Rock Health, a venture fund for digital health startups, released their annual survey of more than 600 women working in the health care field. Spurred by movements like #MeToo and #TimesUp, women’s issues have come to the forefront across a wide array of disciplines. Rock Health had more survey respondents in 2018 than ever before. From gender equity to workplace bullying, here are 4 highlights from this year’s research.

Women in leadership positions bring higher ratings.

Fortune 500 healthcare companies with more women in leadership positions received higher employee ratings on Glassdoor. On a scale of 1 to 10 (with 10 being the best), companies that had 50% or more female executives received an average rating of 8.6. In comparison, companies with fewer than 10% female executives scored only 5.5.

“Companies that create inclusive work environments tend to attract more women and minorities, which becomes a positive cycle,” said Halle Tecco, founder of Rock Health and lead research author. “Similarly, companies with hostile work environments lose talented employees who go elsewhere looking for more positive work experiences.”

Workplace bullying still exists

Ms Tecco’s team received many responses from women describing their experiences working with other women who tried undermining them.

“The stories about woman-on-woman bullying really caught me off guard,” said Ms Tecco. “It’s already hard enough being a woman in the healthcare workforce, we need to — as one respondent put it — ‘lift as we climb.’”

Although this kind of bullying still exists in workplaces, it is also true that having a mentor or sponsor who is a woman results in a significantly higher company culture rating — more so than having a male mentor.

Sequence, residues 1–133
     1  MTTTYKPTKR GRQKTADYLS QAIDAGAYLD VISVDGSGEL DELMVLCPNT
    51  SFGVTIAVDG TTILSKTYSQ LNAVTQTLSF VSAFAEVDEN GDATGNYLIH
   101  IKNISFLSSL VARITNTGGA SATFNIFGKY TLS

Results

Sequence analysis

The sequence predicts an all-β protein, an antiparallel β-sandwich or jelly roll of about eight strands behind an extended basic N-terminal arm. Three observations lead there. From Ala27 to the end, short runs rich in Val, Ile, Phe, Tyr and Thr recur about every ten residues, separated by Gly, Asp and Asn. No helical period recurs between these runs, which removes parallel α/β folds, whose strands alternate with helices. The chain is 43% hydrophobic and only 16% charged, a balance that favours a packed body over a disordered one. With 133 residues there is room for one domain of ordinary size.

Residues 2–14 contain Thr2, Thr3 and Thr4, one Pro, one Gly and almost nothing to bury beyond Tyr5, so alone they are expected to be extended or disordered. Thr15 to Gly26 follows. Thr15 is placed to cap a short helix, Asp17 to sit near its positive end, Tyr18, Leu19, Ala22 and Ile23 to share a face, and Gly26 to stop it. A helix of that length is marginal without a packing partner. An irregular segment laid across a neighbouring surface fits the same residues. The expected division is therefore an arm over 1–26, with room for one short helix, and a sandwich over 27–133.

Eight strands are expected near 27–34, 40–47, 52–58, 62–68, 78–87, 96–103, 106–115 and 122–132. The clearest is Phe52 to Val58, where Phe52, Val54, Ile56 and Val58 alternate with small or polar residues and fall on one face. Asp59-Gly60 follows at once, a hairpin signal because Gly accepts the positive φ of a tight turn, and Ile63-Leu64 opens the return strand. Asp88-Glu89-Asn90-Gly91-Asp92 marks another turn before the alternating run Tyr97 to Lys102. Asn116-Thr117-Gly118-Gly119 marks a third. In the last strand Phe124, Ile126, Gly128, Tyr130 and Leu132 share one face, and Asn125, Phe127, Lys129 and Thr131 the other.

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Race is a significant factor.

Ms Tecco’s team asked women to name the biggest obstacles they face to advancing their careers. Most women listed “underselling their skills” as the biggest barrier; however, African American women overwhelmingly (86%) said “race.”

“Diversity is not only about gender but race as well,” noted one of the respondents in the report. “Being an African American woman in a male-dominated field is doubly hard and stressful.”

Progress is happening, but slowly.

More than half of women surveyed think that it will take upward of 25 years before we see true gender equity in the workplace. This has increased by 10% from last year. However, fewer respondents this year believe we will never see gender parity in our lifetime.

Research shows that the percentage of women executives at hospitals, on Fortune 500 healthcare executive teams, and at digital health startups has remained the same for years.

“Women are underrepresented in the C-suite because we are still facing a severe disadvantage,” said one respondent. “Femininity is looked at as a problem and a barrier to being an effective leader. Being female doesn’t fit with the preconceived notions of what a senior executive should be.”

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Reference

Tecco H, Huang M. What 600+ women told us about working in healthcare in 2018. Rock Health. https://rockhealth.com/reports/women-in-healthcare-2018/. 2018. Accessed August 13, 2018.

This article originally appeared on Medical Bag